After the establishment of the People’s Republic of China, Famen Temple was among the first key protected historical relics of the province. However, the properties of the temple were still appropriated for public uses, such like schools in Famen town. During Cultural Revolution, the Red Guard damaged temple halls and Buddhist figures under the name of “breaking four old fashions”. The abbot, Liangqing monk, incinerated himself in front of the True Relic Pagoda, in order to protect temple’s underground palace. When the palace was unearthed later, the relic of self-immolation could still be seen. Other monks were either demobilized or killed. The temple became “the temporary headquarter of proletariat rebellion of Fufeng County”. After 1979, Shaanxi province government once funded reconstruction of the Grand Hall of the Great Sage and the Brass Buddha Pavilion. At 1:57am of 4 August 1981, half side wall of True Relic Pagoda collapsed in the heavy rain. This incident drew universal attention. In 1984, the government implemented religious policy and handed Famen Temple to Buddhist community. In 1985, Shaanxi province government decided to pull down the remaining half side wall and rebuild the True Relic Pagoda. On 3 April 1987, the underground palace of True Relic Pagoda in Famen Temple was opened, and a large quantities of precious historical relics were unearthed. This was quite a hit in news at that time. The expansion of the temple and the reconstruction of the pagoda were completed in October 1988. On 9 November of the same year, the Famen Temple Museum was opened.
Famen Temple currently maintains such a layout as Grand Hall following Pagoda. The True Relic Pagoda is regarded as the middle axle of the temple. Before it stand the Front Gate, the Front Hall, and behind it is the Grand Hall of Great Sage. This is the typical layout of the early Buddhist temples in China.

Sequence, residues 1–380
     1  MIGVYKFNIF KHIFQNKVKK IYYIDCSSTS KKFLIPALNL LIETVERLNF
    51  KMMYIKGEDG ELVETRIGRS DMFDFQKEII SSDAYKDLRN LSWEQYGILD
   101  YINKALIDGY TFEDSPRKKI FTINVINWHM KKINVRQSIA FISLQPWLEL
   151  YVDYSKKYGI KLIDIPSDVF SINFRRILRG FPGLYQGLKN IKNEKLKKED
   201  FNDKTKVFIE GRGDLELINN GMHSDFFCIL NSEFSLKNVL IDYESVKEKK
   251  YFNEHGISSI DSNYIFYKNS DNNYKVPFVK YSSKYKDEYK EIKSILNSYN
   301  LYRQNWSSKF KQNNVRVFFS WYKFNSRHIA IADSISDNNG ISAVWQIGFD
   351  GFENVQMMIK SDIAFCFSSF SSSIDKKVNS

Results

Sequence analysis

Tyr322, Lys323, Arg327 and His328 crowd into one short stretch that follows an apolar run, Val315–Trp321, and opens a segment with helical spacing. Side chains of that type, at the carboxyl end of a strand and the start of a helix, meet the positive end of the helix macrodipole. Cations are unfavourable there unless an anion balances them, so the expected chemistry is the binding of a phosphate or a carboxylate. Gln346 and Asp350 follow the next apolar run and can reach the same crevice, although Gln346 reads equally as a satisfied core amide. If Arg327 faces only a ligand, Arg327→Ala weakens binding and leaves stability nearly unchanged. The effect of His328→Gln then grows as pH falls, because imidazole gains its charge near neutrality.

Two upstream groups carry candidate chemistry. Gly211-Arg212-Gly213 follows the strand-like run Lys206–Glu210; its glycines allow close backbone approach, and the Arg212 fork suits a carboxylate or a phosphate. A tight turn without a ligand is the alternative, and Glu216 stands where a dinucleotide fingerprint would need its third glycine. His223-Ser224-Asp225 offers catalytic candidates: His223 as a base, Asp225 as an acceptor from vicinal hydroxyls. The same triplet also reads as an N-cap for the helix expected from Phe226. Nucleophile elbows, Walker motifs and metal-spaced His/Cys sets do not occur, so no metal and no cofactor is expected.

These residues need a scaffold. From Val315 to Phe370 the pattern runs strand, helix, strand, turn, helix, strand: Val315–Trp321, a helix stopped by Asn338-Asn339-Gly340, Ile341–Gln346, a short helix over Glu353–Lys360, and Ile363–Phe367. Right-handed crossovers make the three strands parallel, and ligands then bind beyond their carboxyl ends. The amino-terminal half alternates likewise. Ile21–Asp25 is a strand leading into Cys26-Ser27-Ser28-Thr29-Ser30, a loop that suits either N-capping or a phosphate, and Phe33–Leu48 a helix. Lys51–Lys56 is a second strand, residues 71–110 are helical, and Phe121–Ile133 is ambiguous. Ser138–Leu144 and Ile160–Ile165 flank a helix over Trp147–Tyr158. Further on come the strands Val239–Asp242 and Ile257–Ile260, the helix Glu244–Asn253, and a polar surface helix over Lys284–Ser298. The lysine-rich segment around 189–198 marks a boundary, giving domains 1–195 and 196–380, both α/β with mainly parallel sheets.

The True Relic Pagoda has been altered several times. It evolved from four-storied pavilion-like pagoda in Tang Dynasty to thirteen-storied brick pagoda in Ming Dynasty. The current version was rebuilt based on the surveyed drawing of the pagoda in Ming Dynasty before it collapsed. It is made of armored concrete as skeleton, and then covered by grey bricks. Inside the pagoda there are sightseeing platforms for tourists.
The underground palace was restored to the structure of Tang Dynasty. Only few severely damaged parts were replaced. The whole palace was built by white marbles and limestone tablets. Inner walls and stony gate are all engraved. During the renovation of the underground palace, a circular basement was built surrounding the Tang palace, and Buddhist shrines were included. The preserved Buddhist finger relic rests at the center of the underground palace.
The western division of the temple is Famen Temple Museum, including multi-functioning reception hall, treasure hall and other buildings.
From 5-12 May 1987, four Buddha’s relics were found after the opening of underground palace. Two of them were made of white jade. The third one was from a famed monk. These three are called “ghost relics”. They were placed together with “true relic” in order to protect the latter. The true relic appeared to be yellow-colored, with bone-like secretory granules. It was identified by experts to be true Buddha relic. Thereafter, Famen Temple became Buddhist resort due to the discovery of true Buddha’s relic.
Gold & Silver Apparatus
Colored Glaze is just today’s glass. Chinese glass manufacturing technology was long influenced by western Asia, and most common style was Islamic. Because of it rarity, glass apparatus was as valuable as gold and jade. The unearthed glass apparatuses are mostly hollowware such as disks, plates and bowls, totally over 20 pieces.
There were a lot of speculations of “Mystic Color Ceramics” prior to the opening of underground palace. Someone thought mystic color referred to a secret craft of glazing color. Others believed it was a name for a specific color. This conundrum was solved by the description on the accounting tablet in the underground palace, and by the unearthing of 13 precious pieces of mystic color ceramics.
China’s silk industry reached its prime time in Tang Dynasty, and the silk fabrics discovered in underground palace provided a convincing evidence. Most of those fabrics were contributed by former Empresses. Among them there is a “Empress Wu’s Embroidered Skirt” belonging to Wu Zetian.
Figure of Buddha
There were 88 niches of Buddha in the 13-storied pagoda in Ming Dynasty, each containing a figure. By 1939, there were only 68 left. Later after clear-up, there were totally 98 figures of Buddha, many containing scriptures, sealed at the times of Ming Dynasty and the Republic of China.
Leave A Reply